This is One Year In, in which Eater Austin interviews chefs and owners on the occasion of their restaurant's first anniversary. This week, we speak with Executive Chef and General Manager James Roller of Ten Oak.
James Roller of Ten Oak. [Photo: Patrick Michels/EATX]
When executive chef and general manager James Roller of Ten Oak opened his "Bourbon House and Lounge" this time last year, he set out to combine rock bottom prices with oak-oriented ambience. His downtown restaurant and bar opened in April 2011 with a commitment to southern food and nostalgia-fueled specialty cocktails.
Taking a break from all the bourbon swishing that comprises his day to day existence, Roller chats with Eater Austin contributor Emma Kat Richardson about Ten Oak’s humble, sapling-like origins, how new menu items are born, and what it takes to get to the base of a stiff, woody drink.
What sort of guidelines did you lay out for yourself when you were first getting started? What initial vision did you have for Ten Oak?
The guidelines were, basically, that we knew we wanted everything to be Ten Oak oriented. That is to say, all the food would be around $10 a plate, in order to be affordable for the consumer. And then there’s oak of course, which is anything considered to be in the oak family, as far as beverages specifically go. Everything from wine to scotch to whisky, everything of that nature, would be a bit higher class and derived from an oak base.
Sticking with that theme, were there any specific goals you set out for yourself that you feel you’ve stuck to as the year has progressed?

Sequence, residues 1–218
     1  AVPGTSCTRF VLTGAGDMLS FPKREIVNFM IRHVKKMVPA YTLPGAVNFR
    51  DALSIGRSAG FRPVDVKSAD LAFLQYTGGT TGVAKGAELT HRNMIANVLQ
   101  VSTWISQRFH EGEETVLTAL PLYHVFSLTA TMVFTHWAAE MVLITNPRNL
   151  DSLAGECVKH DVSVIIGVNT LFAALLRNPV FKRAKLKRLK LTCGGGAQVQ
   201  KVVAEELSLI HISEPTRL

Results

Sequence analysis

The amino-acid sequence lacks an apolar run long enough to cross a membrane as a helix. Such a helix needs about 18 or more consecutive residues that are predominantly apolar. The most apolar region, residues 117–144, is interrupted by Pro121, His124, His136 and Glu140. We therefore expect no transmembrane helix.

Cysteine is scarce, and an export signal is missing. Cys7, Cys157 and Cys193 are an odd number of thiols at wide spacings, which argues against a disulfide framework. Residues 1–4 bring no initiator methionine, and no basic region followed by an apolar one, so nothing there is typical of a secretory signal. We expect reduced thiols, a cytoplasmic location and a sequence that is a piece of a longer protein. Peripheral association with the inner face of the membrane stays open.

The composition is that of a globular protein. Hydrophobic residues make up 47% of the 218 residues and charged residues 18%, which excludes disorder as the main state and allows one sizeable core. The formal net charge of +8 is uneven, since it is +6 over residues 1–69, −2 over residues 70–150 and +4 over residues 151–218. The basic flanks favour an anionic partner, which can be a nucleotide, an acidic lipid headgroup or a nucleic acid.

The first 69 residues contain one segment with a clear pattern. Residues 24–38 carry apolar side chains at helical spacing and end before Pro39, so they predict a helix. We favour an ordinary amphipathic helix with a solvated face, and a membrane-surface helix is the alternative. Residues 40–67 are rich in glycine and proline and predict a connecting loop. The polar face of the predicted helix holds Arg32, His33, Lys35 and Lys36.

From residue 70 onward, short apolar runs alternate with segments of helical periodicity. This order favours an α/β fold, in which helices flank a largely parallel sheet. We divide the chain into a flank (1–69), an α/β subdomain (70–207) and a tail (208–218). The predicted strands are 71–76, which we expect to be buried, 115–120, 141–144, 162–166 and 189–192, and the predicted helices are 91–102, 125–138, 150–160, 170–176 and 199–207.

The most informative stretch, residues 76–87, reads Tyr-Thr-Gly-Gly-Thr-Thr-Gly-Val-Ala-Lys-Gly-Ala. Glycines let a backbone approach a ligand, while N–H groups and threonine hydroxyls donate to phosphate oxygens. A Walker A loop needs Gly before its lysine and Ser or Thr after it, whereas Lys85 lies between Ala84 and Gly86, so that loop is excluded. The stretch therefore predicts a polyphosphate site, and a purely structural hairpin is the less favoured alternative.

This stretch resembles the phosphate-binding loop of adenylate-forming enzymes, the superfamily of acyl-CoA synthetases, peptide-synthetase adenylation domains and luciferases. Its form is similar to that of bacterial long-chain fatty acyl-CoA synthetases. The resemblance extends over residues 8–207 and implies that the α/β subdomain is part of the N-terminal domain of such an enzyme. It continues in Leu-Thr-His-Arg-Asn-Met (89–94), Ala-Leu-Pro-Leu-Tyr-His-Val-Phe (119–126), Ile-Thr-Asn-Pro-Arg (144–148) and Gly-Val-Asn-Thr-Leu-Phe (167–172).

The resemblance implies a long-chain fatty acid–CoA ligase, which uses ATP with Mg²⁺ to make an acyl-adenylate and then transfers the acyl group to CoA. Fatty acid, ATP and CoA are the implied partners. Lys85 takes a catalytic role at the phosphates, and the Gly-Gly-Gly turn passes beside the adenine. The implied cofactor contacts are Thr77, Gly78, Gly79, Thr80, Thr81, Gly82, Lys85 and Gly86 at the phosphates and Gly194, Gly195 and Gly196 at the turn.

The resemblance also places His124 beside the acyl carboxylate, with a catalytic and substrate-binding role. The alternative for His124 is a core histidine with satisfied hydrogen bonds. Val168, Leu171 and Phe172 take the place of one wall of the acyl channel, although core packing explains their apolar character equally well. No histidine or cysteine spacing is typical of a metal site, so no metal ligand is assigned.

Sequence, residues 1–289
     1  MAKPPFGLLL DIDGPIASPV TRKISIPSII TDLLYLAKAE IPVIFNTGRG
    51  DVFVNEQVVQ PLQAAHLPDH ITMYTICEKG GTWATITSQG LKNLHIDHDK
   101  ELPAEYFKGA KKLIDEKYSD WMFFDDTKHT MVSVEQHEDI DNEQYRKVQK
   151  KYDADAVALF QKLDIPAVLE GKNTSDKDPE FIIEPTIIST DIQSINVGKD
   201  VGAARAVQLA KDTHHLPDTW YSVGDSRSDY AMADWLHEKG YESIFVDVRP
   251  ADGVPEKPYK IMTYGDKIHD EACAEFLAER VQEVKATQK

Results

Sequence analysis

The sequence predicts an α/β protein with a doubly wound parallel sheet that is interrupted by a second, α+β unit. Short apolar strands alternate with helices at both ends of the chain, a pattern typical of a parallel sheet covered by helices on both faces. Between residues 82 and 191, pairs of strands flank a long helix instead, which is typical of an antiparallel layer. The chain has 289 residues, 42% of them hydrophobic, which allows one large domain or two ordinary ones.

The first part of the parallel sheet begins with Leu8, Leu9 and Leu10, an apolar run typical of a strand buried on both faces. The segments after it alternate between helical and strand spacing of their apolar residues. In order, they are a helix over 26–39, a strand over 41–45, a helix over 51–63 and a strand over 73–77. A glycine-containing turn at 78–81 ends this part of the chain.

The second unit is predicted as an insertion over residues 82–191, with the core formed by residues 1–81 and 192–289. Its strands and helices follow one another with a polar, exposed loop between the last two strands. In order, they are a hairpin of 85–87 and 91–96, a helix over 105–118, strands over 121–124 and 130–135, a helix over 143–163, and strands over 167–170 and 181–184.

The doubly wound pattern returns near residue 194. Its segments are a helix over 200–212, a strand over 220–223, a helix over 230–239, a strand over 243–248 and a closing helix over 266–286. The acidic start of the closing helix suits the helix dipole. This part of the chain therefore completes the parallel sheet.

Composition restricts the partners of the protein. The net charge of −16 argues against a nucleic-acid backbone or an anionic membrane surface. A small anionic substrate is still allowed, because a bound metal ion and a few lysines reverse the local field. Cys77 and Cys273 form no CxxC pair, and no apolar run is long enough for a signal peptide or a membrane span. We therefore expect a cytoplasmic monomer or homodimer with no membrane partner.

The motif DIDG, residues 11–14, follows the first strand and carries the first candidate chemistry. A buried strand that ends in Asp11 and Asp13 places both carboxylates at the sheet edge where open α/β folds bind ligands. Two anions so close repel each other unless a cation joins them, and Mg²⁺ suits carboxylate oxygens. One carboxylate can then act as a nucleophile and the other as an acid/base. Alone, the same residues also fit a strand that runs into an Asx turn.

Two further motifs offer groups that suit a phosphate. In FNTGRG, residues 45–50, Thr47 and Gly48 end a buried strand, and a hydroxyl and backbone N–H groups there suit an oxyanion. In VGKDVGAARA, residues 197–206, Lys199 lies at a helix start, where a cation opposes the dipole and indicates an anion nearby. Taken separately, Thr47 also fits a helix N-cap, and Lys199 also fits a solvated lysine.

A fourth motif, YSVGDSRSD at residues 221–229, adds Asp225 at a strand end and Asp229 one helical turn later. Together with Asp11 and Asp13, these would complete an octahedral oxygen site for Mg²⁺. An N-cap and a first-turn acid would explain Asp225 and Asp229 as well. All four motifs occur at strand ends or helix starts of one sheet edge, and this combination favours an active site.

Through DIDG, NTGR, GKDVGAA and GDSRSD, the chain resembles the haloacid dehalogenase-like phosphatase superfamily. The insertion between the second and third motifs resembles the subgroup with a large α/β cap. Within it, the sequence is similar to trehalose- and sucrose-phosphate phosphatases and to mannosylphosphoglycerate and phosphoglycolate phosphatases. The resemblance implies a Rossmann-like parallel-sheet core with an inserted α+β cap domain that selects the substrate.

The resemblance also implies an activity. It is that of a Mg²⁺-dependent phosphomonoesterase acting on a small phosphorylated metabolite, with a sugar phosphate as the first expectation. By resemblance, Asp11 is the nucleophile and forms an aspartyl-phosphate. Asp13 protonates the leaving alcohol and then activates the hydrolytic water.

Yeah, definitely. We just get out there and try to be ourselves every day, you know? We’ve had to change things up a bit due to market fluctuations and what not, and stepped around a bit while finding our niche, but we really like the formula we’ve come up with so far. We’ll be tweaking a couple things here and there, of course, but we really like the direction things are headed in.
Describe the evolution of your menu to me. Has it evolved in any ways you would never have previously imagined?
Well, when we were first getting started, I wanted to work a lot with bourbons and whiskies. We were looking to craft an upscale bar menu. We have been dealing with things like chicken fingers the whole time, but we do have many upscale things about even menu items like that. We’ve gone through a lot and have spent much time contemplating what works and what doesn’t; we’re always interested in trying new things.
How do you draw inspiration for new menu items? Do you constantly look for ways to improve the older ones?